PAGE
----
Hetty – The Shift

“It’s a Shift” Hetty exclaimed in horror, looking at the picture in the wedding magazine her sister had shown her.

“Its beautiful, just the thing to complement my dress.” Claire said turning to a picture of a wedding dress. “What do you think?”. Hetty was not about to tell her. It looked like Cinderella’s ballgown and she was expected to wear a simple shift, they would look like Cinderella before and after.

“I think the shift would make me look pregnant, your gown would just make the comparison more marked. Don’t you think white with tiny flowers would get lost against your dress.” Hetty said tactfully.

“But it’s my wedding and I need to stand out, you are there to just hold my flowers. Anyway I have made an appointment at the bridal shop for tomorrow so we can try dresses on.”

There was just no arguing with Claire, you had to tactfully steer her in the right direction or thats what she told Fred that night.

“Waste of money,” was Fred’s comment. “ Is she pregnant, don’t see why she needs to get married at her age. She’s what two years younger than you.”

“She doesn’t want it spreed about, but yes. Thats why its such a rush. Ten weeks isn’t long enough to plan a proper wedding.”

“Still don’t see why she needs to get married. They are going to have to rent a flat privately, if I was Edward I would Put my foot down, save the money and spend it on the new home.”

“We have a flat, if I got pregnant wouldn’t you want a good wedding day?” Asked Hetty.

“Getting pregnant isn’t a good reason to get married. The lads at the pub all have children and none of them are married. It’s just a waste of money, better things to do with the money than buying clothes you would only wear once and feeding hordes of people you only met at funerals.”

“Don’t you ever want to get married? It’s a way of making a commitment to each other. Jack at the pub has four children by 3 mothers so he hasn’t made a commitment to anyone.”

“But Jack’s happy. I just think weddings are a waste of money and time.”

Hetty felt hurt by Fred’s views but perhaps he would change his mind in time.

“I suppose it could be worse she could expect me to wear baby pink. Pink is just not my colour. You are coming to the wedding aren’t you?”

“What and miss a good knees up. Your Dad’s paying for all the drinks isn’t he?”

Hetty didn’t repeat the conversation to Claire next day at the bridal shop. Claire’s dress came first. It had to be a fairy tale dress, she tried on 4 and picked the one with the biggest skirt and most frills. Next it was Hetty’s turn to try on the dresses Claire had selected for her. Claire had obviously thought about their conversation of yesterday. She had decided against a shift. Her preferred choice was cerise with frills round the bottom and the neck line. Not at all the sort of dress Hetty liked but as Claire was not going to be shifted on style or colour. She reflected maybe Fred was right about spending money on clothes you would never wear again.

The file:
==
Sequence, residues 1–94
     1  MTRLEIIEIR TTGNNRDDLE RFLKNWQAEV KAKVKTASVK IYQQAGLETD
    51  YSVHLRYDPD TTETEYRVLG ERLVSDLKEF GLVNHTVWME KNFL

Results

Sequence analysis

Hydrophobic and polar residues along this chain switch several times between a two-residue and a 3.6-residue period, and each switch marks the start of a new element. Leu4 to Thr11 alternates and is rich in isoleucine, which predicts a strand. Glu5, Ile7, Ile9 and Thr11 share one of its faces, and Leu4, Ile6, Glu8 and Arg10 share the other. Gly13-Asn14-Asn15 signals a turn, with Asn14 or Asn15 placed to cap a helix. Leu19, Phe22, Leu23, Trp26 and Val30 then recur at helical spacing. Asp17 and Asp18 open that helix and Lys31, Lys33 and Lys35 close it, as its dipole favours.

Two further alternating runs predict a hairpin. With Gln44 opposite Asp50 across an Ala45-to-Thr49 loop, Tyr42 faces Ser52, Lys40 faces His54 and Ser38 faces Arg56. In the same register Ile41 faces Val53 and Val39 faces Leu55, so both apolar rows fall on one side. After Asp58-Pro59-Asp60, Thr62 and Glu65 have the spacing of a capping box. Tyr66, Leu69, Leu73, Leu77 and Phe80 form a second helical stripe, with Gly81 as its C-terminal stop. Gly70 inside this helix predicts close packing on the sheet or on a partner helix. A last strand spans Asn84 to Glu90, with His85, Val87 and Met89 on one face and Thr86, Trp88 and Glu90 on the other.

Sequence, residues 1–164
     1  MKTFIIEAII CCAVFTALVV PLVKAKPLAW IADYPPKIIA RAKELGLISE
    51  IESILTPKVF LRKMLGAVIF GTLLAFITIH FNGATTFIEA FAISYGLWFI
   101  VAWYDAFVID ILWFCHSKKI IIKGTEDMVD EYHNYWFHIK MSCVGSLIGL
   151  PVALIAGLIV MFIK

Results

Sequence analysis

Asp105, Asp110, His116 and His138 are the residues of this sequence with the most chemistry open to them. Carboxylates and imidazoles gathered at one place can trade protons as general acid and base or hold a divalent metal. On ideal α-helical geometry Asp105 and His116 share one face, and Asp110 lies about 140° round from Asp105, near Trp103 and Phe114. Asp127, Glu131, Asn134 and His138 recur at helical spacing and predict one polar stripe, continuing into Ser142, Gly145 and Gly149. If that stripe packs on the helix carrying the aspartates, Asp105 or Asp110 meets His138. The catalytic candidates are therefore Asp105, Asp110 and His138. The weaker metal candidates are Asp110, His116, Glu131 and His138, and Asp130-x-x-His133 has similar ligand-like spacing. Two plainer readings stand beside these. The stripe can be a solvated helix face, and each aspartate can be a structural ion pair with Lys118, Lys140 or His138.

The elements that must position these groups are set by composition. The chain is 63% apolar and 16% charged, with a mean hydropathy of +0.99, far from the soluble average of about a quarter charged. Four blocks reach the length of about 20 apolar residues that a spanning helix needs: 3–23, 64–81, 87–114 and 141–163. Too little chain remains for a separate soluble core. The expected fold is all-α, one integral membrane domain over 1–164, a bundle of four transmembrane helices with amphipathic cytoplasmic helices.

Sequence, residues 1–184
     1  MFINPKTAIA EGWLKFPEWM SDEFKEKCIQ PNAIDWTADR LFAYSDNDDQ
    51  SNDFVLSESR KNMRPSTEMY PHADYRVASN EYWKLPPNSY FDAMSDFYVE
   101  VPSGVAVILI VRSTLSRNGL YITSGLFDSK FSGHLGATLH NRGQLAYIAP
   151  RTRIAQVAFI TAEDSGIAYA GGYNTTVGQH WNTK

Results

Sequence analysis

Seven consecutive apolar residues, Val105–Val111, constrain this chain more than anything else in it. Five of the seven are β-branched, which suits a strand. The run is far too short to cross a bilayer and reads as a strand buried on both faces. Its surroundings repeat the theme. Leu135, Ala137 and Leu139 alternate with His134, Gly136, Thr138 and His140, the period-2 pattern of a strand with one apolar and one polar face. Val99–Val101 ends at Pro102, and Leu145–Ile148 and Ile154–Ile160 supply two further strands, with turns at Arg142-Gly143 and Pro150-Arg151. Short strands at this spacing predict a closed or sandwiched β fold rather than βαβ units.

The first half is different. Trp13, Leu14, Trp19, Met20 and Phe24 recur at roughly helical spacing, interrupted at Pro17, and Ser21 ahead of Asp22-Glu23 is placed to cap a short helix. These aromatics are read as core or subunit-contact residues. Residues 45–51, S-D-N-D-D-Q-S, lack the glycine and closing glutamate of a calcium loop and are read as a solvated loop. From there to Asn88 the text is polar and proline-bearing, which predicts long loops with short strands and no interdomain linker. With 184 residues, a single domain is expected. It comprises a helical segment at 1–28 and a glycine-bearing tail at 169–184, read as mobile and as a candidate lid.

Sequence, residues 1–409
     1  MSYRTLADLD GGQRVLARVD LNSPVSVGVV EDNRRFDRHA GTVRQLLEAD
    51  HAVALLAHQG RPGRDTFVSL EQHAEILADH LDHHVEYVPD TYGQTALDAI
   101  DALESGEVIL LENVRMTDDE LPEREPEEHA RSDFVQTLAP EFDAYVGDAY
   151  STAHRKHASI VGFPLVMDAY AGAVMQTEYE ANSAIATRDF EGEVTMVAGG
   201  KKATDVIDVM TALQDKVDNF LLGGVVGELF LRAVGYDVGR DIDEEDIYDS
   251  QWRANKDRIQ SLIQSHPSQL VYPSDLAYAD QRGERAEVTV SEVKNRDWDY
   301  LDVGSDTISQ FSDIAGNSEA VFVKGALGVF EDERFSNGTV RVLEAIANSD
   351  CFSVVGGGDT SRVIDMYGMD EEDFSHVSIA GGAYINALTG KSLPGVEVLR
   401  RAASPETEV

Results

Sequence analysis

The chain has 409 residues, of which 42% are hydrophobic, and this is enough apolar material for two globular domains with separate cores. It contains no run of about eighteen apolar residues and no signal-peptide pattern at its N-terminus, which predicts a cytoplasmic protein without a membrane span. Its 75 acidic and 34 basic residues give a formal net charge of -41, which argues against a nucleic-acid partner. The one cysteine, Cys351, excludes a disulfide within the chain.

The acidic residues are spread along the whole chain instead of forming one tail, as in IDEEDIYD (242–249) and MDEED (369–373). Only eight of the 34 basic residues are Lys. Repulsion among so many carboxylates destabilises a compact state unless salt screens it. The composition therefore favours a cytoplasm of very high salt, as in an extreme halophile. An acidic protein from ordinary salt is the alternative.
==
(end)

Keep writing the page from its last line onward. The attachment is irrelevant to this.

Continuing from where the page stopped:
If ever she got married which didn’t seem likely, she would make Claire wear a dress in a colour and style that didn’t suit her.

Memories

Have just returned from a visit to Ypres in the company of my brother and my nephew. It was a moving experience. We stayed in Hooge just outside Ypres, a amazing place. The grounds of the hotel was the front line and what is now a lake was a crater created by mining and a bomb explosion. It was the place that the Germans first used flame throwers. We visited the Hooge Crater Cemetery it has nearly 6000 graves many have the remains of move than one soldiers all unnamed. Hooge is such a small hamlet for such large tragic event.

The object of our visit was to visit the memorials to my Grandads brothers one on Tyne Cot and the other on Thiepval memorials. It was emotional finding their names. Visiting the Passendale museum with their reconstruction trenches helped to reinforce the futility of war. The thousands of names and graves at Tyne Cot, Thiepval and the Menin Gate are just a fraction of the lives lost. We went to one of the moving daily services held at the Menin gate. Let’s not forget the fallen and take time to remember the events of over hundred years.

We also used the diaries of 1/8 Royal Warwickshire diaries to find where my Grandad was in the trenches, La plus Douve Farm. It was moving to imagine his experiences by reading the diaries. In the diaries it just says 1 private killed with no names so I photographed the graves to add to my transcript of the diaries. Imagine my surprise when getting back to find the first soldier killed in his regiment at la Douve trenches was Walter Rainsford who’s sister had lived next door to my Uncle in Kidderminster. I wondered if Grandad had realised the connection when he spoke to Miss Rainsford.

Now I am working on transcribing the diaries and adding the names of the soldiers killed as a way of remembering the fallen that were in my grandads regiment.